According to Putnam, the logic around the NFIP’s limit caps is that a flood doesn’t damage quite the same way as other perils. “If a fire burns everything to the ground, you don’t have that much left,” he explains. “Flood will take out a smaller house, and it will certainly cause a lot of damage to a big house—it could even affect the structural integrity. But it depends on the kind of flood. If it’s in a coastal area and you’re getting waves bombed at it, it’s more likely to cause a problem. If it’s just sitting in water that goes down fairly quickly, the biggest risk with flood in these days is mold.”
But Sumbles believes that’s a risk insureds shouldn’t be forced to take. “The full value of the house can be affected—a lot of times, floods are catastrophic. Whole homes can be wiped away,” he says. “We need to look into the idea of rating against the full limit of the home.”
Better claims service. As the private flood market has developed, many have been concerned that private insurers would be all talk and no action in the face of large-scale cats. But when Hurricanes Harvey, Irma and Maria devastated the U.S. and surrounding areas last fall, most private insurers proved their clout.
“There are some programs that wrote a sizeable bit of business in the flood space, and they did well,” Dickson observes. “They paid losses, they filled their claims in a timely fashion, they didn’t have to raise capital, they didn’t have to break into their capital reserves funds.”
While Dickson points out that a few programs “took a heavy hit,” he notes that his own company had claims 95% closed before the Christmas holidays—and overall, “private carriers have responded. If we’re going to tell people we’re going to protect what’s important, when disaster strikes, we have to live up to our promises.”
“As a private company, you need to handle things like claims well if you want to stay in business—you can’t handle things poorly and expect people to come back to you because they have to,” agrees Sumbles, who notes that Gridiron always does its best to handle all claims within 30-45 days.
That’s the industry norm, says Sumbles, who remembers speaking with a FEMA claims adjuster in 2016 who was still working on Superstorm Sandy claims. “He told me, ‘I don’t see an end in sight,’” Sumbles recalls. “That’s really sad to hear—these people are thinking, ‘The government’s protecting me here through my NFIP policy,’ but now all this time later, it’s still not getting paid out. The private market can at least do better than four years.”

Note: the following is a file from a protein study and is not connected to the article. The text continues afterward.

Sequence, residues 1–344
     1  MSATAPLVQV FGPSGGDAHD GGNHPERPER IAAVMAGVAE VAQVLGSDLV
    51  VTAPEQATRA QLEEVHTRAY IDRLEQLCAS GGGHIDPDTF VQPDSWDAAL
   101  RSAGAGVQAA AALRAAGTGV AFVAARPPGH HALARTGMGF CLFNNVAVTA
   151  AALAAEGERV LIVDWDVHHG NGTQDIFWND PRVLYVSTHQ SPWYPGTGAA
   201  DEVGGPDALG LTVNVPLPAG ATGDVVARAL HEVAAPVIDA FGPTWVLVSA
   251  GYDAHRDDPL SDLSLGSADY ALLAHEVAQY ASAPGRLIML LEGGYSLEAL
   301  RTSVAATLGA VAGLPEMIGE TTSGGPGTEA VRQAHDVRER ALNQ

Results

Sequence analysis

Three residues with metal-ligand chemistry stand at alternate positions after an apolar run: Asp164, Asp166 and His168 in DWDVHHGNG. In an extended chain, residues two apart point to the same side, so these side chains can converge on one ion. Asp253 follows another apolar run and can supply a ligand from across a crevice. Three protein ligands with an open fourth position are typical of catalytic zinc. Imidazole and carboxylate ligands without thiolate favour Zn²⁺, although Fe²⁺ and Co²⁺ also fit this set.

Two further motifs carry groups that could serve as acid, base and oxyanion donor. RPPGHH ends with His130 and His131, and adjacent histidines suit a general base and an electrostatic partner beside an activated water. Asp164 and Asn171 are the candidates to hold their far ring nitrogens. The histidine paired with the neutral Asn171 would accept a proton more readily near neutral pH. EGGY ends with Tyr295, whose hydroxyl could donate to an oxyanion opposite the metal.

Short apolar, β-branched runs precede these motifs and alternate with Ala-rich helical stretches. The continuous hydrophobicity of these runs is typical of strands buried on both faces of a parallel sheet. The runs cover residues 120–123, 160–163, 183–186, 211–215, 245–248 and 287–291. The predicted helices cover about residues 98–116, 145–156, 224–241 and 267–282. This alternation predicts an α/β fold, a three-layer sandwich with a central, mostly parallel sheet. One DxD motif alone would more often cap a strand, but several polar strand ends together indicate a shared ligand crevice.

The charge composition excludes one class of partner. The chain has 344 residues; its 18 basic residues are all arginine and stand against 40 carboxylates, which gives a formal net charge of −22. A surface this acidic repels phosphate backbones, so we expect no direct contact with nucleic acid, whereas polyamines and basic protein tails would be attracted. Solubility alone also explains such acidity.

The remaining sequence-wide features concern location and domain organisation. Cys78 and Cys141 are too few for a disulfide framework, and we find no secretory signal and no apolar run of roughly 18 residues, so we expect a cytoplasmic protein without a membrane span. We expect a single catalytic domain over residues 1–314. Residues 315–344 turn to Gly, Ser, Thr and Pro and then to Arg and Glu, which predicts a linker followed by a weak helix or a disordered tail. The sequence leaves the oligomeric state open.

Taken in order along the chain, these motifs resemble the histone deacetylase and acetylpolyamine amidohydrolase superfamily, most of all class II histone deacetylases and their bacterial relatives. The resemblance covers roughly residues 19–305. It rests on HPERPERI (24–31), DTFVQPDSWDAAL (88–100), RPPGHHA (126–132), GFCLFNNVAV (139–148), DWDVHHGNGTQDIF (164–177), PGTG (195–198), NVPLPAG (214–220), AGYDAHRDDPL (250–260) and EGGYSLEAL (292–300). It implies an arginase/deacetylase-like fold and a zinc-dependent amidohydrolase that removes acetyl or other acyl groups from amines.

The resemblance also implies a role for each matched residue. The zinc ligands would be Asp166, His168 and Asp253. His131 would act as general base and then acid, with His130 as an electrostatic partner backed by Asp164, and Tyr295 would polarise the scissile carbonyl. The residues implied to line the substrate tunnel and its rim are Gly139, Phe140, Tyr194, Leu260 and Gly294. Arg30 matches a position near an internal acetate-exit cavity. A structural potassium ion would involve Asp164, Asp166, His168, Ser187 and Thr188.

And while Sumbles says Gridiron won’t write policies for V or CBRA flood zones, “the NFIP doesn’t cover CBRA zones, anyway,” he points out. “The whole idea there is to dissuade people from building in those areas. I write plenty of business in higher-risk zones—I don’t think it’s a valid argument to say private companies are cherry-picking the best stuff and leaving the worst for the NFIP.”
“These companies don’t want to be nonprofits—they’re not going to go after the really bad stuff. But with that said, I came across a company that is writing negative-rated properties, where the lowest floor is below the base flood. They’re going to get a good premium for it, it’s going to be less than what the NFIP charges,” Bender agrees. “Many of these companies feel like with the technology and modeling they have, they can do a better job underwriting.”
But although opportunity abounds in the private flood market, there is a downside to this shift, Bender cautions: “As you move more policies away from the NFIP, that means there are less funds coming into the NFIP, and that means less money for mapping, grants, operations and floodplain management. It’s great that Congress is promoting the private market, but they have to understand the NFIP may end up as a market of last resort.”
If more and more insureds peel off the NFIP in favor of the private flood market, “the rates will have to go up, and you’re going to have an affordability issue,” Bender explains. “That’s where Congress and FEMA need to work together to really get a strong affordability program put together sooner than later. Otherwise, we’re going to be bailing out all those people who can’t afford to move, but also can’t afford to mitigate—and therefore can’t afford the cost of flood insurance.”
Jacquelyn Connelly is IA senior editor.